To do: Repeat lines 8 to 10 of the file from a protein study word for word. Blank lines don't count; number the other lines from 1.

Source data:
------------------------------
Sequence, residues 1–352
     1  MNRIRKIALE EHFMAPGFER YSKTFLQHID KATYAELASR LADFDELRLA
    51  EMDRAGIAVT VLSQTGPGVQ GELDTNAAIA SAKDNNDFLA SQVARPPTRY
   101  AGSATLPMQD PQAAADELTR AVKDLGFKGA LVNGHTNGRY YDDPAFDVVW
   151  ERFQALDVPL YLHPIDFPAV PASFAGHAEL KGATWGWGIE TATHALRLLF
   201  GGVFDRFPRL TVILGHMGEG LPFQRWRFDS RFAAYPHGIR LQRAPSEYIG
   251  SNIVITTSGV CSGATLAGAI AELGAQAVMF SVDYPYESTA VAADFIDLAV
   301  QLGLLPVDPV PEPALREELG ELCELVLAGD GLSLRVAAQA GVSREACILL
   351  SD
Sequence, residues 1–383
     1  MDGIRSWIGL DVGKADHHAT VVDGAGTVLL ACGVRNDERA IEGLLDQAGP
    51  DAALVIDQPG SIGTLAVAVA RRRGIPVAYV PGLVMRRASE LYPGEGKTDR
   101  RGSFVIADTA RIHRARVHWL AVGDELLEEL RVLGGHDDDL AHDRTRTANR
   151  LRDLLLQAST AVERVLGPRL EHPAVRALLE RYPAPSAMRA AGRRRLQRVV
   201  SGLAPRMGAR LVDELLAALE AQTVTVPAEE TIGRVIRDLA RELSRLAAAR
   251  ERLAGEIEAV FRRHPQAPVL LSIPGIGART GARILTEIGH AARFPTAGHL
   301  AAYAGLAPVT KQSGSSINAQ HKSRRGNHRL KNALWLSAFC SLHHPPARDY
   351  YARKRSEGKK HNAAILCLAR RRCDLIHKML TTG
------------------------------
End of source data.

   301  QLGLLPVDPV PEPALREELG ELCELVLAGD GLSLRVAAQA GVSREACILL
   351  SD
Sequence, residues 1–383